Despite this the church did not disappear. It is true that many left the country and continue to do so today, but those Christians who persevered in their faith gave a spiritual dimension to this reality which they called the Church of Calvary, that is the suffering church, the church of incomprehension and the cross – the stone of scandal which the old Simeon spoke of, and the disciple is not more than his master as the Lord said. But the Christian churches in Arab countries are “the church of Calvary” no matter how lovely from the spiritual and dogmatic aspect is difficult to live on a practical level day by day. Christians are a minority in every Arab country and the percentage fluctuates between 10% in Egypt and 1.2% in Palestine decreasing almost to zero in the Maghreb countries. Living as a minority for centuries creates a “minority” psychology which is not very pleasant. A minority is afraid, a minority seeks protection, a minority flatters the authority in power to obtain guarantees on their life, a minority exaggerates and enlarges the smallest problem, a minority is afraid of political involvement, a minority prefers to live on the suffering of others and is afraid of public or political involvement. And when Christians become politically involved it is through belonging to a party and not a church. (let me say something here that is outside text). The reason for this lies in the fact that the Arab church has never given any indication to the faithful in this field. And we must say that the first spiritual leader to speak of Christian principles in politics was Patriarch Michael Sabbah, Patriarch of the Jerusalem of the Latins from 1988 to 2008. In fact, the political, social and humanitarian situation in the Holy Land involved both Muslim and Christian citizens, at least for what concerns man’s dignity and his fundamental rights without considering the social and material effects on the situation. For this reason Patriarch Sabbah warned that it was his duty to clarify what the Christian faith had to say in that precise historical circumstance. He did this through pastoral letters, talks and conferences in the Holy Land and abroad. The teaching of the church in the Holy Land, the principles behind this teaching and their practical application on rights and duties, on the right to resistance and the refusal of violence, on being faithful to basic rights denouncing injustice and calling things by their proper name in spite of all kinds of pressure: the church of the Holy Land owes all this to the Patriarch Sabbah. (end of my parenthesis)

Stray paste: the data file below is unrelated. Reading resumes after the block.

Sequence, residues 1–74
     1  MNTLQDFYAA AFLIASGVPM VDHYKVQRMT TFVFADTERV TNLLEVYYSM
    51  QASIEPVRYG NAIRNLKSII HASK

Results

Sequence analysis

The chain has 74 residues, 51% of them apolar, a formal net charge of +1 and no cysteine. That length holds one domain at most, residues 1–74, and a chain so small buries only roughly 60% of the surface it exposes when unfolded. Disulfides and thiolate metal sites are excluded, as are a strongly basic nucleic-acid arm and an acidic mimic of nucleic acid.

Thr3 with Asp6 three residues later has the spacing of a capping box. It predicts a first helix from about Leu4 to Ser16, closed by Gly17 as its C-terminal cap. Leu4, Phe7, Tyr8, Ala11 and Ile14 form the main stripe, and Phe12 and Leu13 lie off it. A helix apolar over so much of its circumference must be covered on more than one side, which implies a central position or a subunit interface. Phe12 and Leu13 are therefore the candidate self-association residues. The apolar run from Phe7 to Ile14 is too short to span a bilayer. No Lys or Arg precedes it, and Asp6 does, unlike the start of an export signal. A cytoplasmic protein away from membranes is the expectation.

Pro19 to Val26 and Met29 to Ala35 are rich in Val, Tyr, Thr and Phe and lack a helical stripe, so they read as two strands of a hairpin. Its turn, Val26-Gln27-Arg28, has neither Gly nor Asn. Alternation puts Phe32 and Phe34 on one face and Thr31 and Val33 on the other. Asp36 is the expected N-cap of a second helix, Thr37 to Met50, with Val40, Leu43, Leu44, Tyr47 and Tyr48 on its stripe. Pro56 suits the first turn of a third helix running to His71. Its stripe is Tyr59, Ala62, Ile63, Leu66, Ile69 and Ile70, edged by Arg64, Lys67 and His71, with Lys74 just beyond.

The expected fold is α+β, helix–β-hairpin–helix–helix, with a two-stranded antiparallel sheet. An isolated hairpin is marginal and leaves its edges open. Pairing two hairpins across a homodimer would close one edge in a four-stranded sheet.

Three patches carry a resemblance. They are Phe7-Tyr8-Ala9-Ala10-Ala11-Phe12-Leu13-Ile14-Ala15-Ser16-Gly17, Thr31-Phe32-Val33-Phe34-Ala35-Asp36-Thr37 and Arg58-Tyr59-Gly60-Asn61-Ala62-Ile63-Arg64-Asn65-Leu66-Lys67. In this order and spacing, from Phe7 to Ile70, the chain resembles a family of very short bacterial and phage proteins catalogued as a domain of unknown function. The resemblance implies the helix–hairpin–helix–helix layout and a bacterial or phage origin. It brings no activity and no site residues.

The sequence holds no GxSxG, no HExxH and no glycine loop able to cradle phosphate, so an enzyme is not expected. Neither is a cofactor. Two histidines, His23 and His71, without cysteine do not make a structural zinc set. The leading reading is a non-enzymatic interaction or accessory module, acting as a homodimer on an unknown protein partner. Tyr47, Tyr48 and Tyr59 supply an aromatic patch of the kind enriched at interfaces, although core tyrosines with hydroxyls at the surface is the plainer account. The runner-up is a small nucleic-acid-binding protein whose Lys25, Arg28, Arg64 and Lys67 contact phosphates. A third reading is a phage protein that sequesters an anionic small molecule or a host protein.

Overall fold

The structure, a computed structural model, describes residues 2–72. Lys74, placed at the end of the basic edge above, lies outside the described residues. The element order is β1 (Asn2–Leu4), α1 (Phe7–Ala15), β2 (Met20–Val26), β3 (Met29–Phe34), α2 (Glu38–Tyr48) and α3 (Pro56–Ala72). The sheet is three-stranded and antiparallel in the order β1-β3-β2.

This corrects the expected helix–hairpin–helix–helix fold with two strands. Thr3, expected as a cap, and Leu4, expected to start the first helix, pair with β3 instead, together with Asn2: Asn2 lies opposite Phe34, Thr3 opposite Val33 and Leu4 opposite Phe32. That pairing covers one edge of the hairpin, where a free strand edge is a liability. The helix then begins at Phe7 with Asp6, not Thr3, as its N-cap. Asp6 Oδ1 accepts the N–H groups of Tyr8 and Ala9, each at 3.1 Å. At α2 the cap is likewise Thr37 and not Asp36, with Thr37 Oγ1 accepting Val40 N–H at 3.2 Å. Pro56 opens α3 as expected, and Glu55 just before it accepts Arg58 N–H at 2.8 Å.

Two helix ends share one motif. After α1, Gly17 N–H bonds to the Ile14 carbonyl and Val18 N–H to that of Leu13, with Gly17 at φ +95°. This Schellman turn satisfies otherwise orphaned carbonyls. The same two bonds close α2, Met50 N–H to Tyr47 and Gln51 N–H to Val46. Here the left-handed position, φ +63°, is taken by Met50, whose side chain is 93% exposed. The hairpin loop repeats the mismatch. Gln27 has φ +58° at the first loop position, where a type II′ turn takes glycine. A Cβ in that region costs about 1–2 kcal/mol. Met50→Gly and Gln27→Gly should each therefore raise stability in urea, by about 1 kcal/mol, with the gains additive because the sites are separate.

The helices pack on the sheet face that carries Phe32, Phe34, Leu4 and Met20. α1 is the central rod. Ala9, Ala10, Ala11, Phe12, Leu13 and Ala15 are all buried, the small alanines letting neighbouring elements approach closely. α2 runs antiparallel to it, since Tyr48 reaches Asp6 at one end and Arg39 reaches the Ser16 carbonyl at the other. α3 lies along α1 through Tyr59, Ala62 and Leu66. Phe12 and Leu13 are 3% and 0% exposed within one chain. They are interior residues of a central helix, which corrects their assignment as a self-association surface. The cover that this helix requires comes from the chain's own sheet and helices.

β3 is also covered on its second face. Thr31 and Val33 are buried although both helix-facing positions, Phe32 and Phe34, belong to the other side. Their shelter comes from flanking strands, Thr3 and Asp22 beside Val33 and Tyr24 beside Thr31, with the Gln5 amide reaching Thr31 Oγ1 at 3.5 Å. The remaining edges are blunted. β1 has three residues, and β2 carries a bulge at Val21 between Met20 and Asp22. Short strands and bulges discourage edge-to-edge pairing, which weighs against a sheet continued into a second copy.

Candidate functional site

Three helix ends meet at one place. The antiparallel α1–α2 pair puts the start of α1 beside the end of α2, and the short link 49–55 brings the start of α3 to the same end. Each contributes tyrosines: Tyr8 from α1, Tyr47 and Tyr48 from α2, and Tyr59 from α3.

However, the church of Calvary is not only a question of mentality (majority/minority). Recently there have been cases in which churches in some Arab countries have been persecuted. The southern Lebanon in 1860, the Assyrians in Iraq in the thirties of the last century, the Copts in the second half of the twentieth century and ongoing. There is no doubt that what is happening in Syria (in principle) involves the Syrian Christians as much as the Syrian Muslims but at the same time the Islamic extremist movement openly aims at Christians.